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The Girl Who Played With Fire (Flickan som lekte med elden) and The Girl Who Kicked the Hornet’s Nest (Luftslottet som sprängdes) (review)

The Girl Who Got Diminished

The Movies had never quite seen a character like Lisbeth Salander before, and so her first appearance in The Girl with the Dragon Tattoo (Man som hatar kvinnor) was a startling — and welcome — wonder. Tough, smart, and competent, yet also wounded and searching (though she may not have known it) for friendship, Salander was a fully rounded and fully human woman, as much of a conundrum of a mess, yet still a sympathetic one, as film so frequently and unremarkably allows male characters to be… and so rarely allows female characters to be, unless, perhaps, they are to be chastised and punished for it. Bad things do happen to Salander, but not as punishment for her behavior and attitudes: the bad things are, in fact, what shapes her behavior and attitudes. Perhaps the biggest rebuke Salander faces is in the indignity that comes from how the English-language versions of her tale, novels and films alike, label her: as a “girl.” She is an adult, not a child, not even by a metaphoric stretch of the imagination. And at least onscreen — as portrayed by the electric Noomi Rapace — she more than stakes out her own ground as a character who demands to be taken seriously and treated as a person worthy of, you know, personhood.
That person — that Lisbeth Salander — remains the riveting centerpiece of the two films that follow on from Dragon Tattoo, but, alas, her continuing story has been winnowed down in a way that makes it — and her — feel smaller than before. The Girl Who Played with Fire and The Girl Who Kicked the Hornet’s Nest, as films, were originally destined for Swedish television — it was only after Dragon Tattoo the film became such a phenomenon that they moved to the big screen — and they feel like it. As TV miniseries goes, they’re pretty darn good (and so are perfectly suited for DVD, too). As theatrical films, they feel a tad lackluster, more minor that the first film and ploddingly episodic: where Dragon Tattoo had something all-encompassing to say about the state of the world and how it treats women in general, the second and third films narrow down to focus on the details of Salander’s life that are not uninteresting in themselves, but represent a contraction of vision that feels at odds with the vital significance of the first film.

As Fire opens, it’s a year after the events of Tattoo, and Salander has returned to Stockholm after her on-the-run exile, where she immediately runs afoul of law enforcement when she becomes the prime suspect in the murder of a journalist who was investigating sex trafficking across Europe… as well as that of the social-welfare guardian, Nils Bjurman, she had such a terrible time with in the first film. No spoilers, but though there remains a thematic connection with the first film — in the widespread sexual abuse of women — Salander’s involvement in events now is both forced, in some instances, and wildly coincidental in too many others. The coincidence level continues to increase as the crime procedural that unfolds in Fire — as Salander and journalist Mikael Blomkvist (Michael Nyqvist) work separately to clear her name — continues into Nest, which picks right up where Fire leaves off, lending an even greater sense of TV-episodicness. Nest tapers the tale down even further, winding up in an extended courtroom battle that — again, no spoilers — makes Salander’s involvement in the first film feel like a preposterous fluke of fate, and everything we’ve seen in the latter two films feel like a paranoid conspiracy fantasy. While on a plot-driven level of crime-solving and cat-and-mouse gameplaying between good guys and villains, it’s satisfying enough, it’s hardly the most plausible way to explore the notions that Stieg Larsson, author of the trilogy of novels that form the basis for this film series, was interested in: the systematic social mistreatment of women.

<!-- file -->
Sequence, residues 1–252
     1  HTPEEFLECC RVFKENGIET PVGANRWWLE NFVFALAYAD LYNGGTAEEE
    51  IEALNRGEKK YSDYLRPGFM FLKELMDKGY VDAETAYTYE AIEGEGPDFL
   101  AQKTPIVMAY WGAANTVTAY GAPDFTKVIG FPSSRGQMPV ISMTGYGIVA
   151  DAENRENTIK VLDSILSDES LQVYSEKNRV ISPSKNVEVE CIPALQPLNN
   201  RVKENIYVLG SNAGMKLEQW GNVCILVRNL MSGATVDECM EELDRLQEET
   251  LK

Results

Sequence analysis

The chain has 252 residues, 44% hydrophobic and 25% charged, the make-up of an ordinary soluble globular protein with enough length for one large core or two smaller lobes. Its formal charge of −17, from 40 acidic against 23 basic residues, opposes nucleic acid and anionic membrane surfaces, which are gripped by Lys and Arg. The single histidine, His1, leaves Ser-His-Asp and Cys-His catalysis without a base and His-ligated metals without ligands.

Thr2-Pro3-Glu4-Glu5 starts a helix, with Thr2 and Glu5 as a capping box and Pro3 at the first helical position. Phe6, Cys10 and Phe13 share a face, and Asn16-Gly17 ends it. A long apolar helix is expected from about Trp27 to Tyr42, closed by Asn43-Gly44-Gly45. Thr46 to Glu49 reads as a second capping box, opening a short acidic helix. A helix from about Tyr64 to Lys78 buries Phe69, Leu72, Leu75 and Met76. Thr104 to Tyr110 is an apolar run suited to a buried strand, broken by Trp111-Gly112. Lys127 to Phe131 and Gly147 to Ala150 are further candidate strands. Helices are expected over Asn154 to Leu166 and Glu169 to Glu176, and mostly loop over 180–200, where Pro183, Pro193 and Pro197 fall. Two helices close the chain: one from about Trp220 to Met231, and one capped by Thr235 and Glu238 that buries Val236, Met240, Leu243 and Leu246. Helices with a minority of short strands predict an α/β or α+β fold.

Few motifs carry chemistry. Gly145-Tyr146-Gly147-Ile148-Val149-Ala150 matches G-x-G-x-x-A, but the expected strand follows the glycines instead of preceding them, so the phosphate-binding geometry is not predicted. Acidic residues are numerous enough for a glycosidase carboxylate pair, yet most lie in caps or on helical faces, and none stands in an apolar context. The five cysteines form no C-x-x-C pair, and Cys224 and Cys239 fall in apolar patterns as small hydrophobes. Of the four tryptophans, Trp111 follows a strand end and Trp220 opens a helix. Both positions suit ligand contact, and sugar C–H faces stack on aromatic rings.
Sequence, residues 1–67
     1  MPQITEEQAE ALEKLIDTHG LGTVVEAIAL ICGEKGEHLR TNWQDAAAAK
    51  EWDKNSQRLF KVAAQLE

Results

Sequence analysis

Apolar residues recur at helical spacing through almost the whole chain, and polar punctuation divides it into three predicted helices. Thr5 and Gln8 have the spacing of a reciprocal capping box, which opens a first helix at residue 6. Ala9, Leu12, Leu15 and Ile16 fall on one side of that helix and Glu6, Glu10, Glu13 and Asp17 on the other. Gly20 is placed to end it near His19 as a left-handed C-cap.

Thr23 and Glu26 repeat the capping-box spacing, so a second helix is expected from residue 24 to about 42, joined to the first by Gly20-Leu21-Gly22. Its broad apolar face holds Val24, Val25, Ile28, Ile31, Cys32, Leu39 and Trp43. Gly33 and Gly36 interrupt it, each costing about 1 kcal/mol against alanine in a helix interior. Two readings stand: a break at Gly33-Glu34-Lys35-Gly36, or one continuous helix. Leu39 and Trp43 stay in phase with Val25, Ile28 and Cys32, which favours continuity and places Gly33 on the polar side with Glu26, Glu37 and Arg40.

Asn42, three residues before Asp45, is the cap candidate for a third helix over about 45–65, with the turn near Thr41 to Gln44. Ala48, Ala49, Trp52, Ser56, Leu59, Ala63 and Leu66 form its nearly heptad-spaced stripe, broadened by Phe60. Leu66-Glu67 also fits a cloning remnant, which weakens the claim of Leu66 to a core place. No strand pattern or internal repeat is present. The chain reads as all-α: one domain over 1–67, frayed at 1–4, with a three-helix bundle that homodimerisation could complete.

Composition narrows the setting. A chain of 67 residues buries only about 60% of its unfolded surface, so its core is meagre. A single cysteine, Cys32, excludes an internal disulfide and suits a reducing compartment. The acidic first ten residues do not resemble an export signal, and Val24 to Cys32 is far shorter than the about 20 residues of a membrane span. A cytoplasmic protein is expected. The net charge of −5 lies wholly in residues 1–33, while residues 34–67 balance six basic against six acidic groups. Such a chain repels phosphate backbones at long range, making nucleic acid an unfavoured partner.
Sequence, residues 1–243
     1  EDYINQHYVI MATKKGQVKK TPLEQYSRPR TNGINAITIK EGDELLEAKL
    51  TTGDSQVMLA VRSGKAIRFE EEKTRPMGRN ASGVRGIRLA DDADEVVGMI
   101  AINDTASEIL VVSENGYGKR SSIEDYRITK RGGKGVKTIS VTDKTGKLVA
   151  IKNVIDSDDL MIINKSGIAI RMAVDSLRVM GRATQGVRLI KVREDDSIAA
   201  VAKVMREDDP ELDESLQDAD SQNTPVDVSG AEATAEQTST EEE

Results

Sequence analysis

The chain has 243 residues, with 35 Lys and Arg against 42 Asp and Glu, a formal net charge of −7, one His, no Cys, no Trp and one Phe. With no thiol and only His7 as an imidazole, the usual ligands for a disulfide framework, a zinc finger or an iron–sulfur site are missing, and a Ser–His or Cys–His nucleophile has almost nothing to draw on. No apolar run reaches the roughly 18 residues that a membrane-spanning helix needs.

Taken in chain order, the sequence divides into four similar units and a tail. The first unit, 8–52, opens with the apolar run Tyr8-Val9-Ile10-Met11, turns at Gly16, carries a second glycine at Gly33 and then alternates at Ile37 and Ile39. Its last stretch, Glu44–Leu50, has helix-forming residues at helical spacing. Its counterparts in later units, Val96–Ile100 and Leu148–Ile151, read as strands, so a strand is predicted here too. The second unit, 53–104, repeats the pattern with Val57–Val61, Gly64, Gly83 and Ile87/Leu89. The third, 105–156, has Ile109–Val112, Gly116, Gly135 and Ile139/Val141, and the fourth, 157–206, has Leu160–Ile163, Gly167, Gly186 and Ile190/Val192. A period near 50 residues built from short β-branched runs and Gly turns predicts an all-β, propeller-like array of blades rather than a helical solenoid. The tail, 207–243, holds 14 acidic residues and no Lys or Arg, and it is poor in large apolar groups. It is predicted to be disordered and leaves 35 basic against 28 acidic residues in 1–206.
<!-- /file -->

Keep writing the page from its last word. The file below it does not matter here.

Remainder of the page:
And that’s without even touching on the absolutely ridiculous thing that happens at the end of Fire, which I fully expected at least a cursory explanation for, and never got. The moment feels fantastical, as if Salander had suddenly acquired comic book superpowers. Part of Salander’s appeal is that she is a real woman, but this moment tossed that aside, and it’s almost unforgivable.

Almost. Salander’s outrage rage, and the cold calculation with which Rapace portrays her, are still a marvel to behold. I wish these last two movies were more worthy of her.

The Girl Who Played With Fire (Flickan som lekte med elden)
viewed at a public multiplex screening
rated R for brutal violence including a rape, some strong sexual content, nudity and language
official site | IMDB | trailer | more reviews at MRQE | more reviews at Movie Review Intelligence

[buy at Amazon U.S.] [buy at Amazon Canada] [buy at Amazon U.K.]


Watch The Girl Who Played with Fire online using LOVEFiLM’s streaming service.


The Girl Who Kicked the Hornet’s Nest (Luftslottet som sprängdes)
viewed at a private screening with an audience of critics
rated R for strong violence, some sexual material, and brief language

official site | IMDB | trailer | more reviews at MRQE | more reviews at Movie Review Intelligence

[buy at Amazon U.S.] [buy at Amazon Canada] [buy at Amazon U.K.]


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